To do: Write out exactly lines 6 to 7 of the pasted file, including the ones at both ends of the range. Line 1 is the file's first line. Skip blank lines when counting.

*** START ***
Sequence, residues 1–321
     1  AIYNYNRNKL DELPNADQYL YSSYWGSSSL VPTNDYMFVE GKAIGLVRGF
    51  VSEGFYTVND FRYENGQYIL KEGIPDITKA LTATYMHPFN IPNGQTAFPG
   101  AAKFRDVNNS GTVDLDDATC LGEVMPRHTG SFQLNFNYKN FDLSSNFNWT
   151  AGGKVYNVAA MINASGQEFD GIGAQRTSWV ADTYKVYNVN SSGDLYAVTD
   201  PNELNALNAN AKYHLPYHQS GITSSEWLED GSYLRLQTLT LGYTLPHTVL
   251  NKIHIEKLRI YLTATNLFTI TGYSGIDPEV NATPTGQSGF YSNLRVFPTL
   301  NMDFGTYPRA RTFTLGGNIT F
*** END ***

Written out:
   201  PNELNALNAN AKYHLPYHQS GITSSEWLED GSYLRLQTLT LGYTLPHTVL
   251  NKIHIEKLRI YLTATNLFTI TGYSGIDPEV NATPTGQSGF YSNLRVFPTL